August 13, 2013 - Spire Corporation today reported revenues from continuing operations for the second-quarter ended June 30, 2013 of $3.6 million, a 46% decrease from $6.6 million for the same quarter of 2012. This decline is primarily due to a decrease of $2.8 million in individual module equipment units delivered during the second-quarter of fiscal year 2013 as overcapacity in the global market continues to adversely affect the entire PV industry.
Net loss for the second-quarter of 2013 was $1.8 million, or $0.19 per diluted share, compared with a net loss of $1.8 million, or $0.21 per diluted share, for the second-quarter of 2012. Loss from continuing operations was $1.8 million for the three months ended June 30, 2013, as compared to net loss from continuing operations of $1.8 million for the same period in 2012.
Gross margin for the second-quarter of 2013 was $0.5 million, or 14% of revenue, compared to $1.2 million, or 18% of revenue, for the same period in 2012, representing a reduction in gross margin percentage of 22% for the three months ended June 30, 2013, primarily due to the decline in sales, lower indirect costs offset by the amount of overhead absorbed due to the reduction in sales volume.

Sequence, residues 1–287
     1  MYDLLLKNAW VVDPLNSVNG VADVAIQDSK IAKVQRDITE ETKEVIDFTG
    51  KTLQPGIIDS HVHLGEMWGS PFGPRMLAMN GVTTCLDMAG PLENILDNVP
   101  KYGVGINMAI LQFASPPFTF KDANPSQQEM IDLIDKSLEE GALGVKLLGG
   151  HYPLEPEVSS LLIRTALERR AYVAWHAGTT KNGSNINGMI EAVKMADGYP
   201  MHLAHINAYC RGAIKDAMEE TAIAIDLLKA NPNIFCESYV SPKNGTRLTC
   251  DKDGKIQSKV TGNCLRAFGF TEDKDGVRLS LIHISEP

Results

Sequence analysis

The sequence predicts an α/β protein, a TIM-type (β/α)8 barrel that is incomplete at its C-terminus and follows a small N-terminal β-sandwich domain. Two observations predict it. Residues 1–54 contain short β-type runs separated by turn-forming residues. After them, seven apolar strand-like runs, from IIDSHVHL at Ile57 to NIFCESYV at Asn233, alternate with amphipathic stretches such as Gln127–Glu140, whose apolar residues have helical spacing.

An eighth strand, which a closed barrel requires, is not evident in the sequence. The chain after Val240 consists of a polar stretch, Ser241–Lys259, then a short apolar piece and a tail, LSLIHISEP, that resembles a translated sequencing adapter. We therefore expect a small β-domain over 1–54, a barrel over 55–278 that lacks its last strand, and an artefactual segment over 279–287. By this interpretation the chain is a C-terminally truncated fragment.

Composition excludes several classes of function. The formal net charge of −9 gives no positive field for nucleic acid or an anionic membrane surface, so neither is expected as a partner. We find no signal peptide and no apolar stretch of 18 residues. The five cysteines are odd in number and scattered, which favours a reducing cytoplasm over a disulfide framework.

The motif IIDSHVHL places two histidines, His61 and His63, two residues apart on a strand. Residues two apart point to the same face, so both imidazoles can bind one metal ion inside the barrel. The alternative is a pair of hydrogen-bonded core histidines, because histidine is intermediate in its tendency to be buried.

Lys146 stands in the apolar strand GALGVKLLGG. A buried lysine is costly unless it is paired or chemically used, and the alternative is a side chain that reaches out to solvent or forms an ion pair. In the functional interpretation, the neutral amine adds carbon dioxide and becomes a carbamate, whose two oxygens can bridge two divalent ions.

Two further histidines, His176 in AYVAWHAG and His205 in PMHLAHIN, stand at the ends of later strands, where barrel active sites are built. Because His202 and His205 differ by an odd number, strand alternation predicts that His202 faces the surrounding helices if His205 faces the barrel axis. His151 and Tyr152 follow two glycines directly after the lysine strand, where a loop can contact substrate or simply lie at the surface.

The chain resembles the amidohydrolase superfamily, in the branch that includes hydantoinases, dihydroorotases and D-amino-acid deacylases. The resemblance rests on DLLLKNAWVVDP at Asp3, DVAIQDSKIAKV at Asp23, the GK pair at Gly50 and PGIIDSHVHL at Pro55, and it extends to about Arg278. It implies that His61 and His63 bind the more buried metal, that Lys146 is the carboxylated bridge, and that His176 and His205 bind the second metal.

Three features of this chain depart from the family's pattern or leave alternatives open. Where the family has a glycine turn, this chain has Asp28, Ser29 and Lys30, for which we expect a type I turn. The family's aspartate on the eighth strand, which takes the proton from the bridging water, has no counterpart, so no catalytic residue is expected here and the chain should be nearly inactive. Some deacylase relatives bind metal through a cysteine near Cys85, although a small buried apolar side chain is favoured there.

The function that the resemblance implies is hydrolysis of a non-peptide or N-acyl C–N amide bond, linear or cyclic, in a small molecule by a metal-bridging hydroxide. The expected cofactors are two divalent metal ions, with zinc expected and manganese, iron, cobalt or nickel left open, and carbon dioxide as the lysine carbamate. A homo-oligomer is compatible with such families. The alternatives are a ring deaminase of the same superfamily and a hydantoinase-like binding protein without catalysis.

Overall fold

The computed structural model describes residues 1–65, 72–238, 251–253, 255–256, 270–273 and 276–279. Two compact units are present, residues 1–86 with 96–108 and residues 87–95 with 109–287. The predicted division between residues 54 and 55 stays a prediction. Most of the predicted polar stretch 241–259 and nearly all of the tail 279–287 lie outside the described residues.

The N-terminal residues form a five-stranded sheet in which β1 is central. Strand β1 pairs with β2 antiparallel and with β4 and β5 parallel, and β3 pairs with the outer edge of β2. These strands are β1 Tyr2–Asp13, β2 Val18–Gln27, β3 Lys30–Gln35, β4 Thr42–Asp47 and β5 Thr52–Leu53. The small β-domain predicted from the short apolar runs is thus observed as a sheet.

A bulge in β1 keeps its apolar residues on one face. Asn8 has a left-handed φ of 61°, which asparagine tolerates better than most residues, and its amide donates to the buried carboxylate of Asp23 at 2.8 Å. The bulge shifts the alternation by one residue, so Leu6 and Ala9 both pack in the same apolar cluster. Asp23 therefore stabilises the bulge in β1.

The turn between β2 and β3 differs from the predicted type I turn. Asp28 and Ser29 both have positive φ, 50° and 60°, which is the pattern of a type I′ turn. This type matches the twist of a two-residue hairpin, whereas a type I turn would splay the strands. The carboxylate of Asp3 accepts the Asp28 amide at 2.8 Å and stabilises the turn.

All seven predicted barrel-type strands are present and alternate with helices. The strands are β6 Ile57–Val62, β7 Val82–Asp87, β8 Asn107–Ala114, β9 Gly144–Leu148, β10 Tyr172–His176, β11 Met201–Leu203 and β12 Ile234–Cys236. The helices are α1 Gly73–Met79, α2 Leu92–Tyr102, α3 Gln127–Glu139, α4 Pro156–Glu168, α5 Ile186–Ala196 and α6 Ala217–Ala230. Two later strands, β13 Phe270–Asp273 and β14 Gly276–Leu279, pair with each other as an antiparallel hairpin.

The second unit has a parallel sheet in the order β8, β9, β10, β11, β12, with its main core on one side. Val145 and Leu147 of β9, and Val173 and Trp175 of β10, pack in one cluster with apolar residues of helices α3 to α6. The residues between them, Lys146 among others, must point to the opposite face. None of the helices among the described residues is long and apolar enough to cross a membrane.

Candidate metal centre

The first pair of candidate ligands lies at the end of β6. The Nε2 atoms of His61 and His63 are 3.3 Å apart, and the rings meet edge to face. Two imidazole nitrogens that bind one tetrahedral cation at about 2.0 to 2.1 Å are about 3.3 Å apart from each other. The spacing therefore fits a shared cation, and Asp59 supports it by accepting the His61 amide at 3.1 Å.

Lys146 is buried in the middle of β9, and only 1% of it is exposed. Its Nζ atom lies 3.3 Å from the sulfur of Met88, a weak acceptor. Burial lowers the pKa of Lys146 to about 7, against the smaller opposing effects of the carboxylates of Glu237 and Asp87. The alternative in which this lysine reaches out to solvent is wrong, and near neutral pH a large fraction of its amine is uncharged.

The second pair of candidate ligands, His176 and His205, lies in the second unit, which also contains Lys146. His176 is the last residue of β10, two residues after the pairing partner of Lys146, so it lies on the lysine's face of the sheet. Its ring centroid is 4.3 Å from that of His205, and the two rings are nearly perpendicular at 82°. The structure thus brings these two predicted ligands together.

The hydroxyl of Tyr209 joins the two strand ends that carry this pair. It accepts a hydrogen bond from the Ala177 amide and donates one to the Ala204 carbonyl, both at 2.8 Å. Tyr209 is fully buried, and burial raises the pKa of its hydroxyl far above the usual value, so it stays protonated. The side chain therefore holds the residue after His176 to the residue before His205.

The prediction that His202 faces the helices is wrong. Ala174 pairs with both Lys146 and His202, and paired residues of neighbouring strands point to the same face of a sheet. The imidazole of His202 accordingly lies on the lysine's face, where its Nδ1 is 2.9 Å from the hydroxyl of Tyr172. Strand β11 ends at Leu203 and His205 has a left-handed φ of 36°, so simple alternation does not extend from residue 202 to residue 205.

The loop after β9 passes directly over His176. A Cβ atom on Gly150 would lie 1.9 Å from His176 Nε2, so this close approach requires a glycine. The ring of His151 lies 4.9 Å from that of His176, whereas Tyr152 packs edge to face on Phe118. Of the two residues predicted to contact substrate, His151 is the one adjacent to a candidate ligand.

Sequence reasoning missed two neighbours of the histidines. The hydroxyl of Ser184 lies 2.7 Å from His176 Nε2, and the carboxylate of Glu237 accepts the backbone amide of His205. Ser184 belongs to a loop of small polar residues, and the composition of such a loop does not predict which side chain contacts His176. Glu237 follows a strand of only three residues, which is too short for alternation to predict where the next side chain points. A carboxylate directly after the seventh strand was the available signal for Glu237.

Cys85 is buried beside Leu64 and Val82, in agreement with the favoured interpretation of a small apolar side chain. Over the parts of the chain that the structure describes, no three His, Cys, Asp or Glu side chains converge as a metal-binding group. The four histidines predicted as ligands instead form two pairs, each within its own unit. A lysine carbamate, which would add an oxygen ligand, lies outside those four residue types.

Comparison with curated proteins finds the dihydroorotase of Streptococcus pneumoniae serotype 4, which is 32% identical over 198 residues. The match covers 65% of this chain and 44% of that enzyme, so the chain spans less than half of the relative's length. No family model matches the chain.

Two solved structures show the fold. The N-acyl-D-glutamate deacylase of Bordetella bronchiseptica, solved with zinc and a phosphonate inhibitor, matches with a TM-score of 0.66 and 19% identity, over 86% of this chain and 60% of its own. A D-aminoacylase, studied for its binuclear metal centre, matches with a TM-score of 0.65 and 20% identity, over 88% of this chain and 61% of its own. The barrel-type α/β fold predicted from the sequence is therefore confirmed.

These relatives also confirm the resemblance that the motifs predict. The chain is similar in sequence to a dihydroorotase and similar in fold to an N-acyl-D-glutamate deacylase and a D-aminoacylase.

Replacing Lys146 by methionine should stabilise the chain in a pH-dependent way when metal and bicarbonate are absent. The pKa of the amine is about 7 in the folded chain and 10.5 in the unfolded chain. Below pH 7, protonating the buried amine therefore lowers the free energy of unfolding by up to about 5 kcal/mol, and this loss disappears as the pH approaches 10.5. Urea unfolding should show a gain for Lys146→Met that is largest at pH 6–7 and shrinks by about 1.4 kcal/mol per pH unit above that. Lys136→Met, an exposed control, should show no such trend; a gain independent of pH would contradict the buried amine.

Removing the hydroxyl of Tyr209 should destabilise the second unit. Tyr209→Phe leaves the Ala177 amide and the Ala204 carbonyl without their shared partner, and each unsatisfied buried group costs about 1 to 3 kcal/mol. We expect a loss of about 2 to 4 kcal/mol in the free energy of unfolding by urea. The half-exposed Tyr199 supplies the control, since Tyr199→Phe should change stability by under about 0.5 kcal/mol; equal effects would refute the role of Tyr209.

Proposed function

Net cash used in operating activities was $1.9 million for the six months ended June 30, 2013, which includes $0.2 million of cash used in operating activities of discontinued operations, as compared to net cash used in operating activities of $4.3 million for the six months ended June 30, 2012 which includes $1.7 million of cash used in operating activities of discontinued operations. As of June 30, 2013, Spire had $1.7 million of unrestricted cash and cash equivalents.
Roger G. Little, Chairman and CEO, says, "The global market for PV systems continues to expand driven in part by low cost modules that have resulted from overcapacity in the industry. With the demise of many manufacturers and the growth of the market, we expect this overcapacity of module manufacturing to be absorbed by mid-2014. Once absorbed, we expect module prices to rise. Higher prices will improve the financial performance of the surviving manufacturers, as well as the rest of the value chain, and stimulate capacity expansion likely in late 2014. We have made substantial cost reductions and have put effort into our EPC business to sustain our solar equipment operations until module manufacturing expansion recovers. We recently completed the installation of 228 kilowatts of systems, for example. From late 2014 on, we expect the growth of the industry to continue but on a much healthier financial footing."